Coming down from the mountains of Central Mexico en route to the coast, the temperature climbed as we descended, doubling, in fact, from 17°C to 34°C at the end of the road. Highway 37 south was a surprisingly scenic drive, once we made it past what seemed like the entire Mexican military. We’d crossed states shortly into our drive, from Michoacan to Guerrero. Michoacan, unfortunately, is the latest state to be labeled the country’s most violent, but that designation is fluid in this besieged country. Hence, the visible law enforcement. We slowly, carefully rolled past dozens of Federales toting heavy-duty firearms on the other side of the state border. Some wore balaclavas; it’s not safe to be a cop brave enough to take on the cartels. They regarded us closely, and we them, but they did not ask us to stop — we didn’t fit the drug-thug profile. Still, it was all quite unnerving.
Once we were well into the state, we passed only a handful of police and military pick-up trucks with forces in the back, patrolling the highway. The criminal element keeps a low profile, thankfully, as we have not seen any violence at all. In fact, the only atrocities we witnessed were the hold-ups at the six toll booths where we handed over a total of 200 pesos (nearly $20) for the privilege of using the highway. But it was a very nice highway, and if it helps pay for the patrols, I suppose it’s a fair price. Over the three-and-a-half hour drive, we cruised through green hills rising above winding rivers, glistening lakes and marsh land, a topography reminiscent of home, actually. Except for the humidity. This you could cut and mold into a weapon. It’s a force all its own.
Merging onto coastal Highway 200, the tolls stopped and the topes started. Anyone who’s driven in Mexico is familiar with these evil little road humps. They pop out of nowhere and usually for no reason. Sometimes there’s a warning sign, oftentimes not. If you don’t slow down, however, you’re likely to lose your transmission.
When we spotted the sign for Troncones, we spontaneously took it. We have fond memories of discovering this remote beach town over a decade ago. Back then, the road was dirt and pot-holed, which made for slow-going. We had to steer around pigs and roosters and the inevitable stray dog running wild. Mexican families lived in shacks and their kids played in the dirt. Today, the road is paved and fast, hotels dot the shoreline and most Mexican families have prospered enough to live in nice homes. The only pigs in evidence today are the gas-guzzling SUV’s with California plates. But at least it’s not Acapulco. Yet.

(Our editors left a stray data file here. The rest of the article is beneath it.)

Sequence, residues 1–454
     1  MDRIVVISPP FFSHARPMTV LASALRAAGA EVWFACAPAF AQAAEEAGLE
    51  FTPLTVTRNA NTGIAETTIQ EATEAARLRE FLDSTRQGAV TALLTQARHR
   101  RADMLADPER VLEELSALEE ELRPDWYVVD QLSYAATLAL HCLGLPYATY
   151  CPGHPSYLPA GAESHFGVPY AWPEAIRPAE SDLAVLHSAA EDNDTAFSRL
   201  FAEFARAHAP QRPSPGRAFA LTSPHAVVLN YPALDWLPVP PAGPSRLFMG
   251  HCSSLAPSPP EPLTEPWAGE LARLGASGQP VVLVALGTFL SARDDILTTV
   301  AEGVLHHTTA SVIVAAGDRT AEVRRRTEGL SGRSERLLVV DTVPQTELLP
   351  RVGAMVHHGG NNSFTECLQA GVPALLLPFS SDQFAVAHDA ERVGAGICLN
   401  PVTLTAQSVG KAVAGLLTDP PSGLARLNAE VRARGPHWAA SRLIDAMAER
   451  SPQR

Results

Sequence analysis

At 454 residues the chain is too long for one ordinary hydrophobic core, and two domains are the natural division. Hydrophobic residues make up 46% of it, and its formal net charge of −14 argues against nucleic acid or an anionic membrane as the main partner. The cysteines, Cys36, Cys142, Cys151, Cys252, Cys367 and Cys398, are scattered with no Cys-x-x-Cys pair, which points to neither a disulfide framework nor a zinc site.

We had intended to head straight for the Tropic of Cancer, dig our feet into the sand and knock back a couple of cold ones. But, alas, the venerable beach bar was closed, up for sale. We hope someone with a soft spot for its history buys it and resists the urge to turn it into a five-star resort. We went next door, to the competition, Burro Burracho. No tables in the sand, but at least we had a beachfront seat.
We’ve been away from the ocean for nearly a year, and to see it in all its endless glory was a sight for sore eyes. For the first several minutes we just sat and stared. It felt like coming home.
After a few cervezas and quesadillas, we pushed on to Barra de Potosi, less than a half hour away. Turning off the highway, we ambled down a bumpy road lined with ramshackle shops and homes. That blended into a smoothly paved, country road that wound through farmland and pastures. At the turn-off to Barra, we spotted a group of police just lounging amongst the trees. Yikes. The cartel’s reach extends here?
We eased past them and carried on down a dirt road until we reached house-sit #2, a beach house. Sweet. We pulled into the driveway and were greeted by Gary, a sheltie and a terrier. The sheltie was grinning madly; the terrier was sporting an Oscar Meyer wiener. Well, that’s what it looked like at first glance. Over drinks on their ocean-front deck, Gary and Zoe explained that the wiener is actually a bandaged appendage. The terrier, whom we’ll call the Colonel, is battling some severe skin problems and needs one limb to be completely covered, otherwise he’ll chew it off. And it’s up to us to do the deed each morning. Add that rare and unusual skill to the resume. The sheltie, whom we’ll call the Countess, takes it all in stride. As will we. After all, it’s a small price to pay to live in paradise.